WASHINGTON — Responding to criticism from a Senate Democratic ally, President Obama explained why he fired the Inspector General of the AmeriCorps without the 30-day notification required by law, calling Gerald Walpin so “confused” and “disoriented” that there was reason to question “his capacity to serve.”
In a letter to the bipartisan leaders of the Senate Committee that oversees AmeriCorps, Obama listed these alleged defects in Walpin’s leadership as an Inspector General.
Removed after unanimous request from the AmeriCorps board of directors
At May, 20, 2009, board meeting Walpin “was confused, disoriented and unable to answer questions and exhibited behavior that led the board to question his capacity to serve.”
The U.S. Attorney for the Eastern District of California complained about Walpin’s conduct to the IG oversight board and alleged he withheld exculpatory evidence.
Walpin had “been absent from the Corporation’s headquarters, insisting upon working from his home in New York over the objection” of the board.
He “exhibited a lack of candor in providing material information to decision makers.”
He “engaged in other troubling and inappropriate conduct.”
He “had become unduly disruptive to agency operations, impairing his effectiveness.”
The letter, authored by Norman Eisen, Special Counsel to the President for ethics, concluded: “It was for these reasons that Mr. Walpin was removed.”
Hours before, Sen. Claire McCaskill, Missouri Democrat, criticized Obama for failing to specify why he fired Walpin.
“The White House has failed to follow the proper procedure in notifying Congress as to the removal of the Inspector General for the Corporation for National and Community Service,” McCaskill said in a statement. “The legislation which was passed last year requires that the president give a reason for the removal. ‘Loss of confidence’ is not a sufficient reason. I’m hopeful the White House will provide a more substantive rationale, in writing, as quickly as possible.”
Obama voted for the legislation requiring specific notification to Congress of the reasons to dismiss an inspector general. Any move to fire an inspector general requires 30-days notice. Obama voted for the law to strengthen the independence of inspectors general.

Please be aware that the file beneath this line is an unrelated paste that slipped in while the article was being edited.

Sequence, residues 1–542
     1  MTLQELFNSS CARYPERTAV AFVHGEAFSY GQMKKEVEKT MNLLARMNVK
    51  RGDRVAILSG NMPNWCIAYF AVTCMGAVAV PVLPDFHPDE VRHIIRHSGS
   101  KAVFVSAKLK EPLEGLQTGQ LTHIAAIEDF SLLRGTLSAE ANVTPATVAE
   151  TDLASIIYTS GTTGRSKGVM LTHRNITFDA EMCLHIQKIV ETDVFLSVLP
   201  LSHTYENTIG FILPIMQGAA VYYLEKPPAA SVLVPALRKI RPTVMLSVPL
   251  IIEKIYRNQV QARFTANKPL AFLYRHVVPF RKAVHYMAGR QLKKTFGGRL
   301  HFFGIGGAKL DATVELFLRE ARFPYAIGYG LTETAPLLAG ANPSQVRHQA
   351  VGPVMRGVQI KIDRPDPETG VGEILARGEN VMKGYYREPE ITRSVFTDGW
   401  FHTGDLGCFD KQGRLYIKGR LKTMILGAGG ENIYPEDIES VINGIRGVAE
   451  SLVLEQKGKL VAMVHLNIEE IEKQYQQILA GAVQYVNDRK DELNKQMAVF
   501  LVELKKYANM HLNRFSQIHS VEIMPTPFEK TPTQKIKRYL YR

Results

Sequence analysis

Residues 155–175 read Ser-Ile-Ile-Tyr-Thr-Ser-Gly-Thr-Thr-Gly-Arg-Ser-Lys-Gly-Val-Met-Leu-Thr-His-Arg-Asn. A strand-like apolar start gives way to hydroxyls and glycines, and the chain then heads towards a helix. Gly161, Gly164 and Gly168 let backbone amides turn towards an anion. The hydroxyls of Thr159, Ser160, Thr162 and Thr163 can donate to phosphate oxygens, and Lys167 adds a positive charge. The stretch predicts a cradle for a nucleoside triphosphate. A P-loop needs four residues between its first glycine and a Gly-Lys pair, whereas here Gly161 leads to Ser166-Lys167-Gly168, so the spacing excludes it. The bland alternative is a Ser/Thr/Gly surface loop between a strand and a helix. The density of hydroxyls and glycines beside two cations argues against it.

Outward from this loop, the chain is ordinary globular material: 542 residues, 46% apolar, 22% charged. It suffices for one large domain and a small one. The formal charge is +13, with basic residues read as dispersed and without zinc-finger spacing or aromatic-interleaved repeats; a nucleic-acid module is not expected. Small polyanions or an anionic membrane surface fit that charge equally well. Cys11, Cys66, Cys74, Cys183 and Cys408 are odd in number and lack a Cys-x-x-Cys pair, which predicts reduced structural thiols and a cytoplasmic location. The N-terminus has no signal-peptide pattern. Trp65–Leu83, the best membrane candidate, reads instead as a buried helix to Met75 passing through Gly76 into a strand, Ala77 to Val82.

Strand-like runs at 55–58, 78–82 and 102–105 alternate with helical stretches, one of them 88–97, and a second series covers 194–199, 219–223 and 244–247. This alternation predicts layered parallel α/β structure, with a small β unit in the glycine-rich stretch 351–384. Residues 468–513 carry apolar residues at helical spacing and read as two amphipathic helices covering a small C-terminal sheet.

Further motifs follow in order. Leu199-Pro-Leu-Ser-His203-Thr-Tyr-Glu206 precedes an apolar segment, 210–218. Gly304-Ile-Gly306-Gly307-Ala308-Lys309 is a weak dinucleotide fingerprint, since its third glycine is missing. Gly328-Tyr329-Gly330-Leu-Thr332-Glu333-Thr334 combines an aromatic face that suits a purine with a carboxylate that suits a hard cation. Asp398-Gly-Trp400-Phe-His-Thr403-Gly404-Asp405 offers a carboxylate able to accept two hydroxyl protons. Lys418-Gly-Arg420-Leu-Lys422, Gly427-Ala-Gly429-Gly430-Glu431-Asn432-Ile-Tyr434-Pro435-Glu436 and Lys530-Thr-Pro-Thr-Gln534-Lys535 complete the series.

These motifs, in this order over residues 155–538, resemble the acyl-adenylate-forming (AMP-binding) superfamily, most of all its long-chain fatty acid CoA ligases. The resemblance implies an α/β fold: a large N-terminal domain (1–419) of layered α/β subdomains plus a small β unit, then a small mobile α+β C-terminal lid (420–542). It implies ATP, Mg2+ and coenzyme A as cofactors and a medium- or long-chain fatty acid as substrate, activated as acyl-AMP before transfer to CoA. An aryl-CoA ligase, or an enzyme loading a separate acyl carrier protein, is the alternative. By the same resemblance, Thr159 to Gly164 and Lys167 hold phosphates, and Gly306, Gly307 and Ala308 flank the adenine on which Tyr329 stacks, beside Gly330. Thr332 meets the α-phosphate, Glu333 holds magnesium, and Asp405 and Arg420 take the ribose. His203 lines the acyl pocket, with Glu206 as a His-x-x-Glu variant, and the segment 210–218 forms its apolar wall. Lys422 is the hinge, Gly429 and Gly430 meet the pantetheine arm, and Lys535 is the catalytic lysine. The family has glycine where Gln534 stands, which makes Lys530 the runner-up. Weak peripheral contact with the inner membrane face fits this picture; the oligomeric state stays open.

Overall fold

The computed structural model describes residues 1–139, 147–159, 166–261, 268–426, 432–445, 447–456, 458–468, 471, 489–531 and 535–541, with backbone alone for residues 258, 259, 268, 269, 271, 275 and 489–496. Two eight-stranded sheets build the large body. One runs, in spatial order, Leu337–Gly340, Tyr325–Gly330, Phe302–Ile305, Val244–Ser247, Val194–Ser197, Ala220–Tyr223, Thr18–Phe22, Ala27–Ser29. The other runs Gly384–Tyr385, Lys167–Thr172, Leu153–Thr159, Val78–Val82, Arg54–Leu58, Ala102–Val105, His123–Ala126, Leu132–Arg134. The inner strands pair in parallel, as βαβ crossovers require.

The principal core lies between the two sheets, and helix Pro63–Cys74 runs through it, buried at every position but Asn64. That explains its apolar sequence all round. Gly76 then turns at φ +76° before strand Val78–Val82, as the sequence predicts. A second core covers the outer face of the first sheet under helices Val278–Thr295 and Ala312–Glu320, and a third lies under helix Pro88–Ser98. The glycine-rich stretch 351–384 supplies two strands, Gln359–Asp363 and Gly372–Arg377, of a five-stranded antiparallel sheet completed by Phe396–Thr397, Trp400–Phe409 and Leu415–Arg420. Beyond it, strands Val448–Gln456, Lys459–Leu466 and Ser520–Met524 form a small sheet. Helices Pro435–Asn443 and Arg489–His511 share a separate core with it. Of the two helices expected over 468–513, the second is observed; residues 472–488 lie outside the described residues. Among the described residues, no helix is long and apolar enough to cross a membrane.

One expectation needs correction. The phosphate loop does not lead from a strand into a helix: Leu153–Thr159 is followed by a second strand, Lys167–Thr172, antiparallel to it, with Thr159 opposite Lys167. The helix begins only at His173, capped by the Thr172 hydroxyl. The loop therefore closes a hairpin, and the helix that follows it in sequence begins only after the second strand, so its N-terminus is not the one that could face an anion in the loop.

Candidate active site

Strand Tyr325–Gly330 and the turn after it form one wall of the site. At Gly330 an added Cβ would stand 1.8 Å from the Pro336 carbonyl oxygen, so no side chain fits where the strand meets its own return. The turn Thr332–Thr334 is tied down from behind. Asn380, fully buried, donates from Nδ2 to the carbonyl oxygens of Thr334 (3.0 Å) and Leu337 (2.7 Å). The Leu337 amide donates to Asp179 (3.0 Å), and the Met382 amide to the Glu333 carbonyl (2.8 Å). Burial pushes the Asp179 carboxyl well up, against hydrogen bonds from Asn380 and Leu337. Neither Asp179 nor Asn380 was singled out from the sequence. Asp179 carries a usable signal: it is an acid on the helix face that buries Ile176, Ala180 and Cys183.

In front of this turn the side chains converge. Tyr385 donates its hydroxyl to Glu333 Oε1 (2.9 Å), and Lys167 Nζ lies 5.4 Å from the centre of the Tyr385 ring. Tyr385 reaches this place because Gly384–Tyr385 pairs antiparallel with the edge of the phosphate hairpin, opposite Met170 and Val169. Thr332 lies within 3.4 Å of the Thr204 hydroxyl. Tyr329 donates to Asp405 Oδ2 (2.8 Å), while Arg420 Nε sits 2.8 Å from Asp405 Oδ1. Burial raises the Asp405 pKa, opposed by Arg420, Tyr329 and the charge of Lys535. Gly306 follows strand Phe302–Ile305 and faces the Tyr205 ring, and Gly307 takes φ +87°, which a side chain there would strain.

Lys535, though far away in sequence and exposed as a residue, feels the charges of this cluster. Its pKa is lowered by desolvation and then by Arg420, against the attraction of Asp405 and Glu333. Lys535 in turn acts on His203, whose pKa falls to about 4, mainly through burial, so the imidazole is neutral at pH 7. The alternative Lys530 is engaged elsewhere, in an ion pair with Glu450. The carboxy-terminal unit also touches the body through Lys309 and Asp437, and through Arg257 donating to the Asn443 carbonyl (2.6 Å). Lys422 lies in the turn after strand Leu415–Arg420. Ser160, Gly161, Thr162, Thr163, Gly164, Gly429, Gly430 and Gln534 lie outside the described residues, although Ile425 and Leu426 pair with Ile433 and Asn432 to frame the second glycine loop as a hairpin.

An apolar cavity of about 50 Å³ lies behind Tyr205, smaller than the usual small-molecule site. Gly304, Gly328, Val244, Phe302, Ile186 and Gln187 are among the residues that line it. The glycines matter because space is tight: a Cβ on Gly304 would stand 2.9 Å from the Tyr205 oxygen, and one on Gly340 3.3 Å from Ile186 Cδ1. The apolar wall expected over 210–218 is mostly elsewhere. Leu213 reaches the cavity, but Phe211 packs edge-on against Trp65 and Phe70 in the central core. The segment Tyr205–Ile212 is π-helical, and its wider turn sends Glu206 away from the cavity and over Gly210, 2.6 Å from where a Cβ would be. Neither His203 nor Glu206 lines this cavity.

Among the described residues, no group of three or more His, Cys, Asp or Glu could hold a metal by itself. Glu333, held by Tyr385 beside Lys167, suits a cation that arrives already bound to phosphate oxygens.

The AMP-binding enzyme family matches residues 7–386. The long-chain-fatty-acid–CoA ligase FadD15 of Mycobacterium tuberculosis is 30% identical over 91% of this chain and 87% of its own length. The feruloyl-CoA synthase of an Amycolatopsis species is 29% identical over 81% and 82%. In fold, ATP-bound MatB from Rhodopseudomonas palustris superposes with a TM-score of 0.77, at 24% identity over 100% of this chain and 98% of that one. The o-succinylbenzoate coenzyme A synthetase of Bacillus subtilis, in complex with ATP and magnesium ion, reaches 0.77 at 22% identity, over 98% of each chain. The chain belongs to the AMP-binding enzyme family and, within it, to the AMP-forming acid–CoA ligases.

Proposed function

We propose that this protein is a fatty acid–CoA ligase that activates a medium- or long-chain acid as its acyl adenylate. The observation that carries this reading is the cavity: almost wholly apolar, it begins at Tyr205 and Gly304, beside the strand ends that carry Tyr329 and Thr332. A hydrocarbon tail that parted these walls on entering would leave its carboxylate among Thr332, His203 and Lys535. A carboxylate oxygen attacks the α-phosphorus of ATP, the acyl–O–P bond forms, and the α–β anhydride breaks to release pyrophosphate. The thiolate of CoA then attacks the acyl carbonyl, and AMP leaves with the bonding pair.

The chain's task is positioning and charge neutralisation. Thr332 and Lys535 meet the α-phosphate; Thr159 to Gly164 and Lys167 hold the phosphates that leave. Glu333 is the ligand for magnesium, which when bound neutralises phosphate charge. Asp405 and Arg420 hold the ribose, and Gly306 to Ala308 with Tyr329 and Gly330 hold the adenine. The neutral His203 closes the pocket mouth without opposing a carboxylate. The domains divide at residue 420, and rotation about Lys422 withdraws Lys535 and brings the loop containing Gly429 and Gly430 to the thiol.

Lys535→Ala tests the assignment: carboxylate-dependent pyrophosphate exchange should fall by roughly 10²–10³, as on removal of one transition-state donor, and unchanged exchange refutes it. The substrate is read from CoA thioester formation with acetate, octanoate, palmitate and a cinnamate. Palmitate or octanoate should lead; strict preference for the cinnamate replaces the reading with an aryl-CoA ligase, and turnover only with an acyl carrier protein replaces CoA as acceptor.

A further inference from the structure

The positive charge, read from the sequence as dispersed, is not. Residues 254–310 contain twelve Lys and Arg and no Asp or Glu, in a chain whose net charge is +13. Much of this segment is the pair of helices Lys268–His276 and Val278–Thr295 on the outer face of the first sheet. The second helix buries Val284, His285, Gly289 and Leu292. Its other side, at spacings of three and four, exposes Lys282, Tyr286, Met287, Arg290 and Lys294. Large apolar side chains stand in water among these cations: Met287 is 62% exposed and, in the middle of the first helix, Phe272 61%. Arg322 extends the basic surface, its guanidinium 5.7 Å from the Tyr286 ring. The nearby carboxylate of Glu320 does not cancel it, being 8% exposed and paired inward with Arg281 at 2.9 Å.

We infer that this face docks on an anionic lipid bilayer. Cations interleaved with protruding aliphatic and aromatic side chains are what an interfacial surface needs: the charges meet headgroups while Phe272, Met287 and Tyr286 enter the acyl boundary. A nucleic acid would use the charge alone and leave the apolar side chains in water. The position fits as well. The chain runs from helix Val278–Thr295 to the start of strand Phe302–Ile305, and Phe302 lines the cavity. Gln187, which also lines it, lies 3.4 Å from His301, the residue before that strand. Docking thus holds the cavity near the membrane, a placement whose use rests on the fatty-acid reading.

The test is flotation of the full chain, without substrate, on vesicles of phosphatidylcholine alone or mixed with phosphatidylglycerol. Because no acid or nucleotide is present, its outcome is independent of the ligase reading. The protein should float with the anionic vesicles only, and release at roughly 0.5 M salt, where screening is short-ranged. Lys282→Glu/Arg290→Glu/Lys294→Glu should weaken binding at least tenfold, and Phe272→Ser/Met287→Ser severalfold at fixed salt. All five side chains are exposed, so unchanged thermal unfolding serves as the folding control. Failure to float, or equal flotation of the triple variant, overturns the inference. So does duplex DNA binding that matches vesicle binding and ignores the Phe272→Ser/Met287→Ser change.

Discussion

Walpin led a 2008 investigation into allegations of misused taxpayer funds distributed by AmeriCorps to the St. HOPE Academy of Sacramento, founded in 1989 by Obama supporter and former NBA player Kevin Johnson. Walpin said Johnson, now mayor of Sacramento, misused roughly $850,000 in AmeriCorps funds. His referral to the U.S. Attorney’s Office did not result in the filing of criminal charges. But St. HOPE officials agreed, via a settlement, to repay half of its AmeriCorps grants.
On Tuesday, Rep. Darrell Issa, California Republican, sought all White House information Walpin’s firing. That followed a request from Sen. Charles Grassley, R-Iowa, that AmeriCorps provide “any and all records, e-mail, memoranda, documents, communications, or other information” related to Walpin’s firing. Issa and Grassley are minority members of congressional oversight panels.
Republicans also have asked what role, if any, First Lady Michelle Obama played in Walpin’s firing. The White House denies she had any voice in Walpin’s future with the agency.
Republicans began to question Michelle Obama’s role after press reports indicated she was taking a strong interest in AmeriCorps activities and when her former chief of staff, Jackie Norris, became a “senior adviser” to the Corporation for National and Community Service, also known as AmeriCorps.